Leveraging the utility of pharmacogenomics in psychiatry through clinical decision support: a focus group study

Andrew Goodspeed, Nicolas Kostman, Trenton E. Kriete, Joel W. Longtine, Sean M. Smith, Peregrin Marshall, Wesley Williams, Cheryl Clark & Weston W. Blakeslee Annals of General Psychiatry, volume 18, Article number: 13 (2019)


Pharmacogenomics is starting to build momentum in clinical utility, perhaps the most in mental and behavioral healthcare. However, efficient delivery of this information to the point of prescribing remains a significant challenge. Clinical decision support has an opportunity to address this void by integrating pharmacogenomics into the clinician workflow.


To address the specific needs of mental health clinicians at the point of care, we conducted 3 focus groups with a total of 16 mental health clinicians. Each 1-h focus group was designed to identify the desired clinical decision support features, with a particular interest in pharmacogenomics, and potential negative or unintended consequences of clinical decision support integration at the point of care in a mental healthcare setting. We implemented an iterative design to expand upon knowledge generated in prior focus groups. The results from the guided discussion in the first focus group were used to develop a mental health clinical decision support prototype. This prototype was then presented during the next two focus groups to drive the discussion.


This study has identified main themes related to the desired clinical decision support features of mental health clinicians, the use of pharmacogenomics in practice, and unintended and negative consequences of clinical decision support integration at the point of care. Clinicians desire a more complete picture of the medication history of patients and guidance to choose medications in relation to cost, insurance coverage, and pharmacogenetics interactions. Mental health clinicians agreed that pharmacogenetics is useful and impacts their prescribing decisions when the data are available. Several negative consequences of clinical decision support integration were identified including alert fatigue and frustration using the tool. Several points of contention were related to the integration of the clinical decision support with the electronic health record, including bidirectional flow of information, speed, location within workflow, and potential incompleteness of information.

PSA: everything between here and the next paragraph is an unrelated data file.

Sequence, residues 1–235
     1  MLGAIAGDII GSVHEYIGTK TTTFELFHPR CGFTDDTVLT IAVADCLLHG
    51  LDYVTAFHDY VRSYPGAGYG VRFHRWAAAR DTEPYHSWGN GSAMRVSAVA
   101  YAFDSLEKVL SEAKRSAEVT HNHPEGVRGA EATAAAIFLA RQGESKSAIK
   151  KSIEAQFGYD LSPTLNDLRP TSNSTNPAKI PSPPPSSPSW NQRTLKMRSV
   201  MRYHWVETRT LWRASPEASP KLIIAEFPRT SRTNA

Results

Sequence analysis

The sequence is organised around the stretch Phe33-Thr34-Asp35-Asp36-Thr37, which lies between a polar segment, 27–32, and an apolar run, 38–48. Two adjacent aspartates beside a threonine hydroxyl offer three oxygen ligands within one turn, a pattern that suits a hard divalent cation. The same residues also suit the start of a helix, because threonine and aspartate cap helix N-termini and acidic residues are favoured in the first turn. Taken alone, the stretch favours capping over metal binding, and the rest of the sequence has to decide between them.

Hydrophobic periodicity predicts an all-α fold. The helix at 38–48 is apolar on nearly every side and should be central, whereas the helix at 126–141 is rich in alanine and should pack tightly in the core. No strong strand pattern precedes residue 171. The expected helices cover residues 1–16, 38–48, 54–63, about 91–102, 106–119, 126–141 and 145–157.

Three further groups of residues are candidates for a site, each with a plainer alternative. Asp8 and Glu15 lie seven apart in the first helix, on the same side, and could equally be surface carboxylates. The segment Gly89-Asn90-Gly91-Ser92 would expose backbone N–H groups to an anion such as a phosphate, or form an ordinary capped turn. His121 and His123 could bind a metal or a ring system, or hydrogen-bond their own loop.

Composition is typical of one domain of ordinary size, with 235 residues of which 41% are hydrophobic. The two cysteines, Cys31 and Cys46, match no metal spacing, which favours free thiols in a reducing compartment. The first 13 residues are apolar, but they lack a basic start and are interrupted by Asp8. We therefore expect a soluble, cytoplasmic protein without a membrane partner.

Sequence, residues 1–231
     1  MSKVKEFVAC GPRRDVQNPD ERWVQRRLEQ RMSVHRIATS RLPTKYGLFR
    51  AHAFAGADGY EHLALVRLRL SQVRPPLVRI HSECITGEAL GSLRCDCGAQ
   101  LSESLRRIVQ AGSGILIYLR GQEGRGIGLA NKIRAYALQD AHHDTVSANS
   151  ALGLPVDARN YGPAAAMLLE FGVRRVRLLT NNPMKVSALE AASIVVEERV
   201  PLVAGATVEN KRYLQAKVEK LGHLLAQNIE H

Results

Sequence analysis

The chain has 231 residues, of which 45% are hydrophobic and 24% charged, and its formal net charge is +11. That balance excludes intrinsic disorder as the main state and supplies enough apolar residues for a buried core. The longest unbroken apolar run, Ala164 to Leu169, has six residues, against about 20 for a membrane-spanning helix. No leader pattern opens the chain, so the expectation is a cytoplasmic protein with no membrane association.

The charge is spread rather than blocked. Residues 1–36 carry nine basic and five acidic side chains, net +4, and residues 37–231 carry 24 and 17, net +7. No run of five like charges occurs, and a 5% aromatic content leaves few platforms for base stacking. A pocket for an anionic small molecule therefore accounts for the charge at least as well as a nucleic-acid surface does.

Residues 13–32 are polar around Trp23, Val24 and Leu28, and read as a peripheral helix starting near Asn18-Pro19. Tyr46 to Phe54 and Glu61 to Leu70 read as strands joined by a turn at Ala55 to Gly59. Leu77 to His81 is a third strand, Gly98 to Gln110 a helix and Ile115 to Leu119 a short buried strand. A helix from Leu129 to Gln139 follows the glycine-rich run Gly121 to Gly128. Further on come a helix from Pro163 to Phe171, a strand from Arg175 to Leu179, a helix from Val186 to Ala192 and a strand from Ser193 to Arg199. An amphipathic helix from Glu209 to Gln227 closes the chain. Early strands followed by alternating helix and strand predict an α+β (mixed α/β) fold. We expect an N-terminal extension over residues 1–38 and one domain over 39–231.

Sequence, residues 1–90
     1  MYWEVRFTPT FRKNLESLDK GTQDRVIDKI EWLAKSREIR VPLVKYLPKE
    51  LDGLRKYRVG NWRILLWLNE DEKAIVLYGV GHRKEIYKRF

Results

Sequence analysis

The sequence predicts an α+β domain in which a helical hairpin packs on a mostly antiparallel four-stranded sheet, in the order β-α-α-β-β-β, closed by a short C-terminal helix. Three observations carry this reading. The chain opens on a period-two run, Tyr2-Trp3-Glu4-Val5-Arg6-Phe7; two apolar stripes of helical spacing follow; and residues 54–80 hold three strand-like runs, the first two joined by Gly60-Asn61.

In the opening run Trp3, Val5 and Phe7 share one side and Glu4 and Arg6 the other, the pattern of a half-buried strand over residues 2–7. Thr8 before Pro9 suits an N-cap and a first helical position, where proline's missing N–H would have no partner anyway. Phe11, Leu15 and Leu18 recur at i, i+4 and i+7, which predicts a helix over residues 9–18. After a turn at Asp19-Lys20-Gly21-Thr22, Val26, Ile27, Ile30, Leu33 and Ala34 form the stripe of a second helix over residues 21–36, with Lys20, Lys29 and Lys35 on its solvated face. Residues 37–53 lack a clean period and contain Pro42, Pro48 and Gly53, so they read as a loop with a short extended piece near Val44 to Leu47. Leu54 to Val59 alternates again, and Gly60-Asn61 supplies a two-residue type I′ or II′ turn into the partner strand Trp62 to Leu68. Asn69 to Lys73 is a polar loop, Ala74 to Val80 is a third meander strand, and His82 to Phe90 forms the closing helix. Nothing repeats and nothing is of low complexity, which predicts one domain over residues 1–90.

We have identified general and unique considerations of mental health clinicians with regard to clinical decision support. Clinical decision support that incorporates desired features while avoiding negative and unintended consequences will increase clinician usage and will have the potential to improve the care of patients.

DOI: 10.1186/s12991-019-0237-3

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Resource Topics: Clinical Outcomes Keywords: Pharmacogenomics, psychiatry, medication, mental health